Federal and state government chief data officers (CDO) discussed agency strategies and best practices for data governance at a FedInsider digital roundtable event on June 9 against the backdrop of Federal Chief Data Officer Council efforts to establish government-wide best practices for the management, use, protection, and generation of data.
Building a Data Governance Strategy
Data governance is a critically important topic. As the government continues to organize and use its data to drive new efficiencies and advanced technologies for the government, it will become even more critical.
In December 2020, the Department of Education published its first data governance strategy with the mindset that effectively leveraging data informs decisions in service of the nation’s learners, be it for daily agency operations or national policymaking. According to Greg Fortelny, CDO at the Department of Education, the agency aims to realize the full potential of data to improve education outcomes and lead the nation in a new era of evidence-based policy insights and data-driven operations.
The Education Department’s data strategy goals are highly interdependent, he said, with cross-cutting objectives requiring a highly collaborative effort across its principal offices. It calls for strengthening data governance to administer the data it uses for operations, answering essential questions, and meeting legal requirements.
“There’s a lot of foundational details around capital planning and governance models that we’re trying to make progress on in addition to some smaller, quicker wins to help staff improve their data skills background,” said Fortelny.
Data Governance in Policy and Decision Making
Proper governance practices offer many benefits, including increased awareness of data holdings, improved organizational efficiency and productivity, more citizen-centered services, and better-informed decision-making and evidence-based policymaking resulting in actionable intelligence.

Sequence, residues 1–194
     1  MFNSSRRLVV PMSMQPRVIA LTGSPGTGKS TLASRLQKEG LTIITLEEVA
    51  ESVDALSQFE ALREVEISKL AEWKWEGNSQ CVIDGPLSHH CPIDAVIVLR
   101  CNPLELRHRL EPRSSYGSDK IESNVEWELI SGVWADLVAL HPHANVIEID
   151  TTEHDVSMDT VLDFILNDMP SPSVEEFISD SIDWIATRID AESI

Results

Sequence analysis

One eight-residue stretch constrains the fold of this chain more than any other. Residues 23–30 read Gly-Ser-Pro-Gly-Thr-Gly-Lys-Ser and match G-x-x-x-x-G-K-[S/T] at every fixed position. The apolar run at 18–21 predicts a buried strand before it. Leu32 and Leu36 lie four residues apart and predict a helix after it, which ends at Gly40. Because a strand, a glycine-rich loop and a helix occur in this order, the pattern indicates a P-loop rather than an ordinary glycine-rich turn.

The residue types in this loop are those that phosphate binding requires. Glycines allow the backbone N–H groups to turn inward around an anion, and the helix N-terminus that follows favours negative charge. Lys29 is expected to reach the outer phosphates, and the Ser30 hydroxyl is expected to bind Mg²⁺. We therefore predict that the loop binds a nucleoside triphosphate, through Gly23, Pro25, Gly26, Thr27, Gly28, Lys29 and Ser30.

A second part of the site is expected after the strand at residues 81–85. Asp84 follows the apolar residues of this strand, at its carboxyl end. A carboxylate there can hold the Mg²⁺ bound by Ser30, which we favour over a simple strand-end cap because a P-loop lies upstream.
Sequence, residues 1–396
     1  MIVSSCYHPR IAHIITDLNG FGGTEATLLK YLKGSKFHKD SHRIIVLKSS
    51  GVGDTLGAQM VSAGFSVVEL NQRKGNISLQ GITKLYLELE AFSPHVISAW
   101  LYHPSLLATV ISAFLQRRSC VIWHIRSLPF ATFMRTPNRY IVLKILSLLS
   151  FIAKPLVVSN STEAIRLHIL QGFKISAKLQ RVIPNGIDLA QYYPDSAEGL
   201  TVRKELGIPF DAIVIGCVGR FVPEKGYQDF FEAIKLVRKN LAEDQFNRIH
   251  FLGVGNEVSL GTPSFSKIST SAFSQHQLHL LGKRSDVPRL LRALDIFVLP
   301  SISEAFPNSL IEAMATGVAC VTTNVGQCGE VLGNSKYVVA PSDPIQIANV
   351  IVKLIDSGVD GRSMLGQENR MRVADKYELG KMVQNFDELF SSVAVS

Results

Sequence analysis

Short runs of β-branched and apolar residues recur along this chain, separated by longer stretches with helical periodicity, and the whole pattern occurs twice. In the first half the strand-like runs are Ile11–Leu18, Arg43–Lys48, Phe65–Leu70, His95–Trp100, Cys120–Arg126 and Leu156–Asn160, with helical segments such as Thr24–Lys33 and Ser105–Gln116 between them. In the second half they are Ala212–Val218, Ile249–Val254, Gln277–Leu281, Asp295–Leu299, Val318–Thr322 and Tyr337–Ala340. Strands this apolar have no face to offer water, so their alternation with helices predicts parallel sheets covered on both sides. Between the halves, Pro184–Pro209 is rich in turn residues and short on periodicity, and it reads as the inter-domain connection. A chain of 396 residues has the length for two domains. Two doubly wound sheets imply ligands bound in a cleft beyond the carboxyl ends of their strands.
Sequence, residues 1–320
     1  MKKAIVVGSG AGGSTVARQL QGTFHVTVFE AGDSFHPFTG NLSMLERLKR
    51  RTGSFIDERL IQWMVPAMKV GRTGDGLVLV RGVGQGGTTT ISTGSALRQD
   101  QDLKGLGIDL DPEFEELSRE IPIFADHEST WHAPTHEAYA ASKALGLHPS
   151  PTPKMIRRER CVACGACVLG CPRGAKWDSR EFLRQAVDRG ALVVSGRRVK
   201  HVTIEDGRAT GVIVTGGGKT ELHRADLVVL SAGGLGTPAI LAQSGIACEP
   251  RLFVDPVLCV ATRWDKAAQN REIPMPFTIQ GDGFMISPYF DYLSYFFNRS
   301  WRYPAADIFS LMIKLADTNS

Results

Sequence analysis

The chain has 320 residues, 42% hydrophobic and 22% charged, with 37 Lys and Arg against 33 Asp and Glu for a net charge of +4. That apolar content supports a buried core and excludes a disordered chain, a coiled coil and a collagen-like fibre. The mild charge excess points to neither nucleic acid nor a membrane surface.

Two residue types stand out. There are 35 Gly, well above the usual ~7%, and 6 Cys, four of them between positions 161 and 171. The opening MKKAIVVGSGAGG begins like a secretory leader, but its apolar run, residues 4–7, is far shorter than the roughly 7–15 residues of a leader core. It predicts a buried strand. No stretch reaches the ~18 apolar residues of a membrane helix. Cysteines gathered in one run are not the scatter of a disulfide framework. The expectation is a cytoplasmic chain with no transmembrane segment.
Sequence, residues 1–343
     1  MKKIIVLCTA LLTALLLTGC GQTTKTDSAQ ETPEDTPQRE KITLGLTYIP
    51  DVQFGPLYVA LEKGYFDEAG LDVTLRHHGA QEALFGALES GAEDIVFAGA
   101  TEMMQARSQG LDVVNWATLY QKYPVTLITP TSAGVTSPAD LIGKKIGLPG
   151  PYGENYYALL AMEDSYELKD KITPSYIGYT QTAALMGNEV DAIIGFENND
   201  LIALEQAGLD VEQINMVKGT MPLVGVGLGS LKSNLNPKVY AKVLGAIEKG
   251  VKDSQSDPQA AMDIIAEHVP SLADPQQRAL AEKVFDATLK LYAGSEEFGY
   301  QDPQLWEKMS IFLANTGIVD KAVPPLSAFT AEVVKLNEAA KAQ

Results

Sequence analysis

In January 2020, Virginia Gov. Ralph Northam signed Executive Order 48, establishing a data governance framework that makes Virginia a leader in data-driven policy, evidence-based decision-making, and outcome-based performance management.
“For us, data governance is just getting the right people to have the right conversations at the right time and make the right decisions,” said Carlos Rivero, CDO of the Commonwealth of Virginia.
The primary goal of the framework is to help the commonwealth be more responsive and make better, evidence-based decisions grounded in the data it collects and manages, he explained. The data governance framework includes the Virginia Data Commission, Executive Data Board, and a Data Governance Council.
“Within the Commonwealth of Virginia, we have a multi-tiered data governance framework which allows data stewards to voice their concerns and then get together and discuss some of the issues that they’re having at that level,” said Rivero.
Virginia’s Data Governance Council consists of data owners and program managers across multiple agencies involved in governing who gets access to data assets and how to improve its quality, as well as building out proposed policies and recommendations of best practices that can move data strategies forward. They also have the executive data board, which consists of agency executives or their designees to speak to adopting those policies and best practices.
“While those data owners can make recommendations about what we should do, it is really up to each executive branch agency head to determine how much they are going to do. Facilitating that engagement, conversation, and negotiation with different executives allows us to determine where policies and best practice may or may not be beneficial and implementable for a particular agency,” said Rivero.
While the Government Accountability Office (GAO) is not an active participant in the CDO Council, GAO Chief Data Scientist Taka Ariga said the organization stands in the CDO Council 2.0 domain. When many agencies were establishing their CDOs, there was a lot of emphasis on cataloging data assets and making those state assets available. But there’s a lot more focus on answering the questions of the quality and completeness of that information, and relative to that is data as infrastructure.
“Treating data as another form of infrastructure means the data transfer process is seamlessly secure and transparent. And with the advanced technology of today, that certainly is technologically feasible,” said Ariga.